Despite the increasing importance of shareholder voting, regulators have paid little attention to the rights of retail investors who own approximately 30% of publicly traded companies but who vote less than 30% of their shares. A substantial factor contributing to this low turnout is the antiquated mechanism by which retail investors vote. The federal proxy voting rules place primary responsibility for facilitating retail voting in the hands of custodial brokers who have limited incentives to develop workable procedures, and current regulatory restrictions impede market-based innovation that incorporate technological innovations.

One of the most promising such innovations is standing voting instructions ...


Corporate Power Is Corporate Purpose I: Evidence From My Hometown, Leo E. Strine Jr. Dec 2016

Corporate Power Is Corporate Purpose I: Evidence From My Hometown, Leo E. Strine Jr.

Faculty Scholarship at Penn Law

This paper is the first in a series considering a rather tired argument in corporate governance circles, that corporate laws that give only rights to stockholders somehow implicitly empower directors to regard other constituencies as equal ends in governance. By continuing to suggest that corporate boards themselves are empowered to treat the best interests of other corporate constituencies as ends in themselves, no less important than stockholders, scholars and commentators obscure the need for legal protections for other constituencies and for other legal reforms that give these constituencies the means to more effectively protect themselves.

Using recent events in the ...


Corporate Power Is Corporate Purpose Ii: An Encouragement For Future Consideration From Professors Johnson And Millon, Leo E. Strine Jr. Oct 2016

Corporate Power Is Corporate Purpose Ii: An Encouragement For Future Consideration From Professors Johnson And Millon, Leo E. Strine Jr.

Faculty Scholarship at Penn Law

This paper is the second in a series considering the argument that corporate laws that give only rights to stockholders somehow implicitly empower directors to regard other constituencies as equal ends in governance. This piece was written as part of a symposium honoring the outstanding work of Professors Lyman Johnson and David Millon, and it seeks to encourage Professors Johnson and Millon, as proponents of the view that corporations have no duty to make stockholder welfare the end of corporate law, to focus on the reality that corporate power translates into corporate purpose.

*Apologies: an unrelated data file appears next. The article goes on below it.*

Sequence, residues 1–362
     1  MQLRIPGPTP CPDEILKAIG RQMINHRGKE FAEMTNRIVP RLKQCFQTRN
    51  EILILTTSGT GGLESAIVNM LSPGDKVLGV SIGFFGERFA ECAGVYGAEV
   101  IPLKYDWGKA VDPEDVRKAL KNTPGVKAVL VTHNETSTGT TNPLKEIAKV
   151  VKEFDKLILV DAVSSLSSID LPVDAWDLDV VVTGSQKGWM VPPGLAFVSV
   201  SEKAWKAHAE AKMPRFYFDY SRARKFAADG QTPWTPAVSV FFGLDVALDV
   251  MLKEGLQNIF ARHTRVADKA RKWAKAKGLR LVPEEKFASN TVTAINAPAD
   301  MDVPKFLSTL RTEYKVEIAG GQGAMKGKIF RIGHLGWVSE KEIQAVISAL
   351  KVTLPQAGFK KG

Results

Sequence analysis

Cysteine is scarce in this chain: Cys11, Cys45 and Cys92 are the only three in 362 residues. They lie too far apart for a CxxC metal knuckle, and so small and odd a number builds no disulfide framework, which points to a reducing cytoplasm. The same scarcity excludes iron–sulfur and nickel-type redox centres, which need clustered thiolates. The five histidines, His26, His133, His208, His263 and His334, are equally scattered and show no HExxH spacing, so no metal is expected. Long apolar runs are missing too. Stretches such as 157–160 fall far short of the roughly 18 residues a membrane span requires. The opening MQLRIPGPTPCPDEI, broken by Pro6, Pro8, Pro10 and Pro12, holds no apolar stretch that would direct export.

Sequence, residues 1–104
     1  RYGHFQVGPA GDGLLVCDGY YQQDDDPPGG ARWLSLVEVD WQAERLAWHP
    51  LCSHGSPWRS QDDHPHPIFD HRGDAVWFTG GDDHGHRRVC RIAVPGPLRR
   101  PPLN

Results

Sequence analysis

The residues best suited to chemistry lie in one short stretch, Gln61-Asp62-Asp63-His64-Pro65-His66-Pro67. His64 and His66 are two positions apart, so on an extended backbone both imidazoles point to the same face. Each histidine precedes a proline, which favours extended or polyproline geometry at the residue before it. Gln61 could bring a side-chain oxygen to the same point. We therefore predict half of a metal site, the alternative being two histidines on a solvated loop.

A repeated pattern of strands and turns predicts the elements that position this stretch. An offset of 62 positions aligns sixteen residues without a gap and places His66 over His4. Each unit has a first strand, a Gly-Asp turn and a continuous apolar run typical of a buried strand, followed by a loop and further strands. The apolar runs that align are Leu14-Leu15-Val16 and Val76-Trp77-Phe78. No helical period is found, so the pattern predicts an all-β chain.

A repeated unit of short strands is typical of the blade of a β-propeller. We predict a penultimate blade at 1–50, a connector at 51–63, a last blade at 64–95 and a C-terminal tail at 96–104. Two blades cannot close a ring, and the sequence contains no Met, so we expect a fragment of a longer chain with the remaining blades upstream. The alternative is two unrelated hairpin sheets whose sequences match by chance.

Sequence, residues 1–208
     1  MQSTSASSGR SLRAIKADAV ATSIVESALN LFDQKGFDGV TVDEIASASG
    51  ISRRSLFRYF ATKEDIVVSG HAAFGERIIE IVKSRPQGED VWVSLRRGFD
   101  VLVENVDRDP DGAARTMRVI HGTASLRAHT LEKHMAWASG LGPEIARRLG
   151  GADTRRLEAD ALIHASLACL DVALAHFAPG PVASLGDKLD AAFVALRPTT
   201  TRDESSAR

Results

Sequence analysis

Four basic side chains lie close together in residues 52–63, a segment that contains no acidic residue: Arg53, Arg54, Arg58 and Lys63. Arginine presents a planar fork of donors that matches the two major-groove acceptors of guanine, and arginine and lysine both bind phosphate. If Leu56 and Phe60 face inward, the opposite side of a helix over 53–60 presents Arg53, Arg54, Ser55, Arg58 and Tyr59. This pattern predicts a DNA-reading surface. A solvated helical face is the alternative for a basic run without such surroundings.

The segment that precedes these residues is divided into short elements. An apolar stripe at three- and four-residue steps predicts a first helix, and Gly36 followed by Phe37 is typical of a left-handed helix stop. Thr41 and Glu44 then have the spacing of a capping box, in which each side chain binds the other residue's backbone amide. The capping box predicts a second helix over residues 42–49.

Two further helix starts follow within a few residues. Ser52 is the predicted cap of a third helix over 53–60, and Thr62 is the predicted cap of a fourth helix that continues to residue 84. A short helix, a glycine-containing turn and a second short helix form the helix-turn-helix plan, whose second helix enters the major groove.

Drawing on examples of controlled companies that ...


Rediscovering Corporate Governance In Bankruptcy, David A. Skeel Jr. Jan 2015

Rediscovering Corporate Governance In Bankruptcy, David A. Skeel Jr.

Faculty Scholarship at Penn Law

In this Essay on Lynn LoPucki and Bill Whitford’s corporate reorganization project, written for a symposium honoring Bill Whitford, I begin by very briefly describing its historical antecedents. The project draws on the insights and perspectives of two closely intertwined traditions: the legal realism of 1930s, whose exemplars included William Douglas and other participants in the SEC study; and the law in action movement at the University of Wisconsin. In Section II, I briefly survey the key contributions of the corporate governance project, which punctured the then-conventional wisdom about the treatment of shareholders in bankruptcy, managers’ principal allegiance, and ...


Corporate Governance And Social Welfare In The Common Law World, David A. Skeel Jr. Jan 2014

Corporate Governance And Social Welfare In The Common Law World, David A. Skeel Jr.

Faculty Scholarship at Penn Law

The newest addition to the spate of recent theories of comparative corporate governance is Corporate Governance in the Common-Law World: The Political Foundations of Shareholder Power, an important new book by Christopher Bruner. Focusing on the U.S., the U.K., Canada and Australia, Bruner argues that the robustness of the country’s social welfare system is the key determinant of the extent to which its corporate governance is shareholder-centered. This explains why corporate governance is so shareholder-oriented in the United Kingdom, which has universal healthcare and generous unemployment benefits, while shareholders’ powers are more attenuated in the United States ...


Who Calls The Shots?: How Mutual Funds Vote On Director Elections, Stephen J. Choi, Jill E. Fisch, Marcel Kahan Jan 2013

Who Calls The Shots?: How Mutual Funds Vote On Director Elections, Stephen J. Choi, Jill E. Fisch, Marcel Kahan

Faculty Scholarship at Penn Law

Shareholder voting has become an increasingly important focus of corporate governance, and mutual funds control a substantial percentage of shareholder voting power. The manner in which mutual funds exercise that power, however, is poorly understood. In particular, because neither mutual funds nor their advisors are beneficial owners of their portfolio holdings, there is concern that mutual fund voting may be uninformed or tainted by conflicts of interest. These concerns, if true, hamper the potential effectiveness of regulatory reforms such as proxy access and say on pay. This article analyzes mutual fund voting decisions in uncontested director elections. We find that ...